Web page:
Hunting wild mushrooms can be dangerous - many edible mushrooms look very similar to poisonous ones. Even with a full-color field guide, it can be hard to tell the good ones from the bad ones.
- "There are old mushroom hunters, and there are bold mushroom hunters. There are no old, bold mushroom hunters."
Morels in the United States[edit | edit source]
An exception in the United States is the Morel mushroom (Morchella deliciosa[verification needed], esculenta and conica). There are only three varieties in the United States, easily distinguished from each other, all are edible, and there are no poisonous mushroom that looks anything like a Morel. With possible exception of the False MorelW.
In the United States, at latitudes roughly equivalent to central Missouri, the Morels come out in the Spring, after it starts warming up and after the first big batch of rain. The Mayapples have already come up, but not yet flowered - sometime around St. Patrick's Day. One place I know of is kind of a swampy creek bottom, lots of fallen trees and little underbrush. Another place I have successfully hunted is small gently rolling hills, tree covered, with plenty of wet ditches and small creeks.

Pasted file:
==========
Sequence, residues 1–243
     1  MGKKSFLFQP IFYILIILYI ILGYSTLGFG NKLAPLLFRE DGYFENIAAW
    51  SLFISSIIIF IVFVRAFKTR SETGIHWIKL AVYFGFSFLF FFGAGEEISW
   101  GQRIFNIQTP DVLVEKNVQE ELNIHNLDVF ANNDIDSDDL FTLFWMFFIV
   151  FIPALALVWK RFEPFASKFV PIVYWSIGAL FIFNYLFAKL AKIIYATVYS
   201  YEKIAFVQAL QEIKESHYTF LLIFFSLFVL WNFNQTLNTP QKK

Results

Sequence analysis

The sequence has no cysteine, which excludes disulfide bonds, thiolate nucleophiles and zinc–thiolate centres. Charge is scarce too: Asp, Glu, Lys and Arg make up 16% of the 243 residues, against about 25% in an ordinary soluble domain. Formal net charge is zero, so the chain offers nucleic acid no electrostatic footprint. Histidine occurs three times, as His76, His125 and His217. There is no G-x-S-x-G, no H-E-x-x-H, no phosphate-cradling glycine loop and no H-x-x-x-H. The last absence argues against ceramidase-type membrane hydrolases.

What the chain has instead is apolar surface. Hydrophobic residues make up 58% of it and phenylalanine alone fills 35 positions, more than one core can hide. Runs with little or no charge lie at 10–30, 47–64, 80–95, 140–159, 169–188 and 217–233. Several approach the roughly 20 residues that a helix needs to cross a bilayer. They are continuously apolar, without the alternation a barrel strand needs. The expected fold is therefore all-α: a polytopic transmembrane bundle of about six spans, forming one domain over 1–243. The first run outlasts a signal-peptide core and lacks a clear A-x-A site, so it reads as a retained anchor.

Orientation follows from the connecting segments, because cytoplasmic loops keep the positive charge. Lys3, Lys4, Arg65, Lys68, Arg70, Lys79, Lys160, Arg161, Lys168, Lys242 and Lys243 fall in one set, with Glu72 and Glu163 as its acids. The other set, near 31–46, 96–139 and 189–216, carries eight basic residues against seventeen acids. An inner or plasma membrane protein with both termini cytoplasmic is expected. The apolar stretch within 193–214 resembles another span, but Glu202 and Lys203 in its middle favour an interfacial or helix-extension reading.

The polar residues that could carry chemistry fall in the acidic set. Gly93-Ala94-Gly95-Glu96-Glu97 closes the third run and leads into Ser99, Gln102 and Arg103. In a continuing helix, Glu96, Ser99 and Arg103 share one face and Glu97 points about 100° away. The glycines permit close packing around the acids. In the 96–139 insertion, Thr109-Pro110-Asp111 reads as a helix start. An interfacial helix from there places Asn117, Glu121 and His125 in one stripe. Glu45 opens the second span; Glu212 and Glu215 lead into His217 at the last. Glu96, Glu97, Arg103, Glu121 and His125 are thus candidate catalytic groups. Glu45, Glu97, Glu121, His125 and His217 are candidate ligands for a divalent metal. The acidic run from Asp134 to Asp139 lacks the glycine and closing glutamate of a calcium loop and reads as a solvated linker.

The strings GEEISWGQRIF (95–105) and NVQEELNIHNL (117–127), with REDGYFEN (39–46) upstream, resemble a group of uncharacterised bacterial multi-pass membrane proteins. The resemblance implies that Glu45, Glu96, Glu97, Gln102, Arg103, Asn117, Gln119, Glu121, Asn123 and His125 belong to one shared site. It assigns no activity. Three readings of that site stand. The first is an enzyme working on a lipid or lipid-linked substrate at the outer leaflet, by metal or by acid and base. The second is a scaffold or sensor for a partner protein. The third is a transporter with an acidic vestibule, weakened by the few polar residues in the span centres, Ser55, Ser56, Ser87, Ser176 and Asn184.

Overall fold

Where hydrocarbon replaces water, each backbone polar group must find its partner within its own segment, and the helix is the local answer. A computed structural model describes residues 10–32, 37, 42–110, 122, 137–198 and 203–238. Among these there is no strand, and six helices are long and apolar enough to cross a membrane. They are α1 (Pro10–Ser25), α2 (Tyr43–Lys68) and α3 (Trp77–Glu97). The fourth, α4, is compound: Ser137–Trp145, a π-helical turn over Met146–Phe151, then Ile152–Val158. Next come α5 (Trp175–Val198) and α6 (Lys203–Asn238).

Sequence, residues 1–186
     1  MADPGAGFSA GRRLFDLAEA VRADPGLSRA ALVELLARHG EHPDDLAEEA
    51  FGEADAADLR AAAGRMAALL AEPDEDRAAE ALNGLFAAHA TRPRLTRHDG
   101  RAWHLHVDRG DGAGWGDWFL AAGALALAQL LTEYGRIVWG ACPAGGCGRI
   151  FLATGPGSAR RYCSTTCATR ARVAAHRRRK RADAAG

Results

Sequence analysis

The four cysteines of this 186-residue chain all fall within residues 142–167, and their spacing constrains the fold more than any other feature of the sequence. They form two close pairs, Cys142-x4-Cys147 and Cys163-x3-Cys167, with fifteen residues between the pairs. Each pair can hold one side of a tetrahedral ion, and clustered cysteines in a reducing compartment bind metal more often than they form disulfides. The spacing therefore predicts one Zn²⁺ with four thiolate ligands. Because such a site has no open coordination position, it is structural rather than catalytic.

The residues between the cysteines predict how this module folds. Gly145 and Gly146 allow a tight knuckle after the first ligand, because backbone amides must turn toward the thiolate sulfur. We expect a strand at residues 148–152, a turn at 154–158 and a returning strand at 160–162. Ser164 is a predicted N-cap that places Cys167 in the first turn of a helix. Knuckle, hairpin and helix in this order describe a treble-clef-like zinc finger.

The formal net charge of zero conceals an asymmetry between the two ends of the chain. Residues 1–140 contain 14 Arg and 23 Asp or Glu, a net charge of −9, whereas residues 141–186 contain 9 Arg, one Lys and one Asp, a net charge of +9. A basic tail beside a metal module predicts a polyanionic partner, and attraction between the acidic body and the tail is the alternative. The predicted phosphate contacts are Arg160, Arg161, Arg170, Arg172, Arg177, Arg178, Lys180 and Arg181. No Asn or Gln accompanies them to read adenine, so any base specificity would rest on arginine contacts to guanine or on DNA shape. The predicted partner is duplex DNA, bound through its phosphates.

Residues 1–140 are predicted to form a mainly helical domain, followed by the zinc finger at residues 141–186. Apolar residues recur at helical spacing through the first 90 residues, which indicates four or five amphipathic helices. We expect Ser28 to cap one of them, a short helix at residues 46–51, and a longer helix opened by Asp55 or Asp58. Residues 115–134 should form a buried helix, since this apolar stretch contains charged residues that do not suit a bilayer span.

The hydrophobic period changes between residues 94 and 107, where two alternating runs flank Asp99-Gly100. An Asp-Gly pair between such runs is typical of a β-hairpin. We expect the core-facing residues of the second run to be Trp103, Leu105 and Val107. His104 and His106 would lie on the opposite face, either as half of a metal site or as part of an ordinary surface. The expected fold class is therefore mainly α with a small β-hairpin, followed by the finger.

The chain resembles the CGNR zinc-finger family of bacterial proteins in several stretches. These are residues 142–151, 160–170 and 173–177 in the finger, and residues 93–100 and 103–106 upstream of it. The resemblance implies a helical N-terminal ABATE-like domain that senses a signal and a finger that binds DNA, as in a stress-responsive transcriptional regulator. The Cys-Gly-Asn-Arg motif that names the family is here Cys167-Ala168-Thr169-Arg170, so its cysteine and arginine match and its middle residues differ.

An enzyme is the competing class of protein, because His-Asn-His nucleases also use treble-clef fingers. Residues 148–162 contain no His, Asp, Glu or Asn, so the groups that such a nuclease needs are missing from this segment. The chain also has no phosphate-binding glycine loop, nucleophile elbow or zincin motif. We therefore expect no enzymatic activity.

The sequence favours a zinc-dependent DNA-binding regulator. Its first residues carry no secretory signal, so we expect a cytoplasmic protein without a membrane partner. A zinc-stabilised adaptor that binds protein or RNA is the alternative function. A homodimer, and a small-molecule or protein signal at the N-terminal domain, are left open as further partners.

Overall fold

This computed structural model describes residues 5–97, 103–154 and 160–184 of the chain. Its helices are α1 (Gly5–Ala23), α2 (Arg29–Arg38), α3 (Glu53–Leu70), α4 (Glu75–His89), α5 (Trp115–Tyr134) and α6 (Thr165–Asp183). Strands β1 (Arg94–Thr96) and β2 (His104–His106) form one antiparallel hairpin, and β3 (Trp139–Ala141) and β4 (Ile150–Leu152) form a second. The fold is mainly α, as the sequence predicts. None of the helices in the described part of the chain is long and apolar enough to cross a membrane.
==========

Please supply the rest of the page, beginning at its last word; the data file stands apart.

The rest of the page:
If you are lucky enough to find a few, soak them in salt-water, rinse well, dip in an egg wash and bread crumbs (or cracker crumbs) and gently saute over medium heat until browned, flip, and cook on other side.
Mushroom Growing Supplies[edit | edit source]
Growing Mushrooms is also an art which if done properly can be perfected over a course of time. You do however need these supplies:
- Mushroom Substrates
- Mushroom Substrate Additives
- Mushroom Mycology Supplies
- Mushroom Cultures
- Laboratory Supplies
See also[edit | edit source]
- The Use of Organic Residues in Rural Communities 9
- Mushroom production technology for rural development
- Mushroom Growing